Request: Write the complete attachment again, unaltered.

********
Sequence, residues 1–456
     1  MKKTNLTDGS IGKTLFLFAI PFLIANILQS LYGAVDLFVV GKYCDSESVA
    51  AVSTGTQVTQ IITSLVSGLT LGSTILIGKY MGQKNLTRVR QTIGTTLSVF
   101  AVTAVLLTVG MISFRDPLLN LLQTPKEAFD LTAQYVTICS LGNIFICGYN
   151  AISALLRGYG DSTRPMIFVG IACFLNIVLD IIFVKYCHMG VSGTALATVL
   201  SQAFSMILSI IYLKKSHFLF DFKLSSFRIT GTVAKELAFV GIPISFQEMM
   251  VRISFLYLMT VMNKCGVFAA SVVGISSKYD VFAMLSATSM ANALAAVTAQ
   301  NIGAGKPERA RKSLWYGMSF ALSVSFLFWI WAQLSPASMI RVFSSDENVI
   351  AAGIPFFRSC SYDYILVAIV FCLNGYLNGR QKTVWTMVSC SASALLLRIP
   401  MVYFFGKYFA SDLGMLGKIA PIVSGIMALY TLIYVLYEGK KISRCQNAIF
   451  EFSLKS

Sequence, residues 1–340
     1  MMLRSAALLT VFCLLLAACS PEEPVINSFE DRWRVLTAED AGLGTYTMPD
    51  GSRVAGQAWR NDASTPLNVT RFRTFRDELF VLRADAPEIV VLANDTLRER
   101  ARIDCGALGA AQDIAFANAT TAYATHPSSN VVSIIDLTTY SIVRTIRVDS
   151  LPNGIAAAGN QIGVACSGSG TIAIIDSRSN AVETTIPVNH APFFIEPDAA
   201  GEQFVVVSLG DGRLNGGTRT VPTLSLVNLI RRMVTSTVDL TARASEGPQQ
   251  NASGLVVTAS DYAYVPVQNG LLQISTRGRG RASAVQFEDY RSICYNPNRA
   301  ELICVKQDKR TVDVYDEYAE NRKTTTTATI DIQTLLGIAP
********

Sequence, residues 1–456
     1  MKKTNLTDGS IGKTLFLFAI PFLIANILQS LYGAVDLFVV GKYCDSESVA
    51  AVSTGTQVTQ IITSLVSGLT LGSTILIGKY MGQKNLTRVR QTIGTTLSVF
   101  AVTAVLLTVG MISFRDPLLN LLQTPKEAFD LTAQYVTICS LGNIFICGYN
   151  AISALLRGYG DSTRPMIFVG IACFLNIVLD IIFVKYCHMG VSGTALATVL
   201  SQAFSMILSI IYLKKSHFLF DFKLSSFRIT GTVAKELAFV GIPISFQEMM
   251  VRISFLYLMT VMNKCGVFAA SVVGISSKYD VFAMLSATSM ANALAAVTAQ
   301  NIGAGKPERA RKSLWYGMSF ALSVSFLFWI WAQLSPASMI RVFSSDENVI
   351  AAGIPFFRSC SYDYILVAIV FCLNGYLNGR QKTVWTMVSC SASALLLRIP
   401  MVYFFGKYFA SDLGMLGKIA PIVSGIMALY TLIYVLYEGK KISRCQNAIF
   451  EFSLKS

Sequence, residues 1–340
     1  MMLRSAALLT VFCLLLAACS PEEPVINSFE DRWRVLTAED AGLGTYTMPD
    51  GSRVAGQAWR NDASTPLNVT RFRTFRDELF VLRADAPEIV VLANDTLRER
   101  ARIDCGALGA AQDIAFANAT TAYATHPSSN VVSIIDLTTY SIVRTIRVDS
   151  LPNGIAAAGN QIGVACSGSG TIAIIDSRSN AVETTIPVNH APFFIEPDAA
   201  GEQFVVVSLG DGRLNGGTRT VPTLSLVNLI RRMVTSTVDL TARASEGPQQ
   251  NASGLVVTAS DYAYVPVQNG LLQISTRGRG RASAVQFEDY RSICYNPNRA
   301  ELICVKQDKR TVDVYDEYAE NRKTTTTATI DIQTLLGIAP